Hear the Sound Of Endangered Birds Get Turned Into Electronic Music

Bird-watching is having a moment, thanks to the pandemic.

As non-essential workers adjusted to spending more time at home, their ears adjusted to the increasingly non-foreign sound of birdsong outside their windows.

Those sweet tweets are no doubt largely responsible for the record breaking turnout at this year’s Global Big Day, the Cornell Lab of Ornithology's annual birding event, held earlier this spring.




50,000 participants logged 2.1 million individual observations, and 6,479 species.

Apparently, there are even more birds in this world than there are sourdough starters...

...though for the immediate future, civic-minded birdwatchers will be confining their observations to the immediate vicinity, as a matter of public health.

We look forward to the day when bird enthusiasts residing outside of Belize, Mexico, or Guatemala can again travel to the Yucatán Peninsula in hopes of a face-to-face encounter with the Black Cat Bird.

Til then, the animated video above, in which a Black Catbird unwittingly duets with Belize’s Garifuna Collective, makes a soothing place holder.

The catbird and the collective appear along with nine other electronic musician / endangered native bird teams on the fundraising album, A Guide to the Birdsong of Mexico, Central America & the Caribbean.

Black-cheeked Ant-Tanager joins NILLO, a producer and DJ from Costa Rica who draws musical inspiration from the tribal communities around him.

Siete Catorce, a producer who helped popularize the popular border genre known as ruidosón—a mix of cumbia and prehispanic tribal sounds—is paired with a Yellow-headed Parrot.

Jordan “Time Cow” Chung of Equiknoxx seamlessly integrates a Jamaican Blackbird into his unique brand of organic, experimental dancehall.

The album follows 2015's Guide to the Birdsong of South America, and as with its predecessor, 100% of the profits will be donated to regional organizations focused on birds and conservation—Birds Caribbean, La Asociación Ornitológica de Costa Rica, and Mexico’s Fundacion TXORI.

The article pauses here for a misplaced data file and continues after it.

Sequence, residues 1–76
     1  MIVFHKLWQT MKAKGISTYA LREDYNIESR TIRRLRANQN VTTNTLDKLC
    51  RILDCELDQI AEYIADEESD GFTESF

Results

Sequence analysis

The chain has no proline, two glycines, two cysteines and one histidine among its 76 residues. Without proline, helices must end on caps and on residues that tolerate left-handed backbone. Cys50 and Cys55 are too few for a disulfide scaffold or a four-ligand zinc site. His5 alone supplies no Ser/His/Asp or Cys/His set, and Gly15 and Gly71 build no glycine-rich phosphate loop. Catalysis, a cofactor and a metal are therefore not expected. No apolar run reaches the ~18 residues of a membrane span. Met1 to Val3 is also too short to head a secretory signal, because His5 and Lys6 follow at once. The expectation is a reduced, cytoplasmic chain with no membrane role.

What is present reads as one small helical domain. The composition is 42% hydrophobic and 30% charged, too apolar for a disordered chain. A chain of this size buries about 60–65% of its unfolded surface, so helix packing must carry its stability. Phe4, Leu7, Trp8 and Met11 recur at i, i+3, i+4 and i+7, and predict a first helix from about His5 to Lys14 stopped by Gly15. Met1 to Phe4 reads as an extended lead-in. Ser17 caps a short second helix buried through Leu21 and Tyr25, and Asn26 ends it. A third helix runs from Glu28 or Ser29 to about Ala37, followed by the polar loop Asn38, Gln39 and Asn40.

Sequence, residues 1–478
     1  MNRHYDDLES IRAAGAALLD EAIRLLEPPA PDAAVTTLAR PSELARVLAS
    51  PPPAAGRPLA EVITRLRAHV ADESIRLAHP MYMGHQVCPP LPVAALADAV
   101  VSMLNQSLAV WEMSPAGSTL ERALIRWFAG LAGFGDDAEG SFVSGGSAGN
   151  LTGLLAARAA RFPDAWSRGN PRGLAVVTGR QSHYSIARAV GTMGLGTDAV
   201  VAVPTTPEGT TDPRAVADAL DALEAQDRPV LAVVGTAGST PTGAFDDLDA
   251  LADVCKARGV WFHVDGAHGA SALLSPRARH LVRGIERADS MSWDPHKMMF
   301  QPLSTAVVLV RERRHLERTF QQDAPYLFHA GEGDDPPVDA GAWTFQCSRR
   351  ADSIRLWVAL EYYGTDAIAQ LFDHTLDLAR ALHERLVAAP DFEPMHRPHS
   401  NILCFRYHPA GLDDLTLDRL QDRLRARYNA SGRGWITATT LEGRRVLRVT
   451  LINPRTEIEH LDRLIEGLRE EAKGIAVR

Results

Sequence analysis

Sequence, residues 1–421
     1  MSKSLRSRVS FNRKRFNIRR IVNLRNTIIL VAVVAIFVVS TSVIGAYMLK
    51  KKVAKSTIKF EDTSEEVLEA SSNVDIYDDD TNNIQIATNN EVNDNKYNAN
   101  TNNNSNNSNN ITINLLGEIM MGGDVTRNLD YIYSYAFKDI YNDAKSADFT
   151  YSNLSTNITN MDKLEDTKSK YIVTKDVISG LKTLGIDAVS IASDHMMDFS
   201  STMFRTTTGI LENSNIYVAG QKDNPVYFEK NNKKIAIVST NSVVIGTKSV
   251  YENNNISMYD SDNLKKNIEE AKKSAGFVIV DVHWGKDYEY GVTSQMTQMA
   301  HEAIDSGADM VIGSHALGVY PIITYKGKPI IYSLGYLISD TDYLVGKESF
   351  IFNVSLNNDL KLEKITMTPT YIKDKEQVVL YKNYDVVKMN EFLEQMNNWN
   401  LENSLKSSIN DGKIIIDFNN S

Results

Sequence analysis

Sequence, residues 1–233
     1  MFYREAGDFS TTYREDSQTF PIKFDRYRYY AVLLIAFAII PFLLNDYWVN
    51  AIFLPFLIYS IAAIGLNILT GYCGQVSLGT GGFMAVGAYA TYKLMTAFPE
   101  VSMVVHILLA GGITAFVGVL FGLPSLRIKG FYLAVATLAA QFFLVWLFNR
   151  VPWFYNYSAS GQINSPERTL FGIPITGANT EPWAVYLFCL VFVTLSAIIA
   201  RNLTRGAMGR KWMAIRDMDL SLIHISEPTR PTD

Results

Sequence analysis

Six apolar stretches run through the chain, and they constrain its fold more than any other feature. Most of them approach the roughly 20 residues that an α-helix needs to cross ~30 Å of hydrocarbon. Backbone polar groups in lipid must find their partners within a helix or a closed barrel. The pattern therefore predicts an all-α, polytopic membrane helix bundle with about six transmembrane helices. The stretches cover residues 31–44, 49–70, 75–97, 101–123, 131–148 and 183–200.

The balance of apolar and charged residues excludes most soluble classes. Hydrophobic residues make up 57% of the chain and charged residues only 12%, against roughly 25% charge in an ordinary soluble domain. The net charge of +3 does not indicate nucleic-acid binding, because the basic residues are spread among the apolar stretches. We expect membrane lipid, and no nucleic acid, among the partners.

Birds, as the project’s founder, Robin Perkins, told Gizmodo’s Earther, are the most musical animals in the world:

There’s something really nice about focusing on endangered species and songs that are disappearing and not being preserved and to use music to raise awareness about the species. I believe music has a big power for social activism and social change and for environmental change.

Listen to A Guide to the Birdsong of Mexico, Central America & the Caribbean for free on Spotify.

Buy the album or individual tracks on Bandcamp to benefit the charities above.

Robin Perkins’ limited edition prints of the featured birds also benefit the bird-focused regional charities and can be purchased here.

via MyModernMet

Related Content:

Explore an Interactive Version of The Wall of Birds, a 2,500 Square-Foot Mural That Documents the Evolution of Birds Over 375 Million Years

The Bird Library: A Library Built Especially for Our Fine Feathered Friends

Cornell Launches Archive of 150,000 Bird Calls and Animal Sounds, with Recordings Going Back to 1929

What Kind of Bird Is That?: A Free App From Cornell Will Give You the Answer

Download 435 High Resolution Images from John J. Audubon’s The Birds of America

Ayun Halliday is an author, illustrator, theater maker and Chief Primatologist of the East Village Inky zine. Follow her @AyunHalliday.


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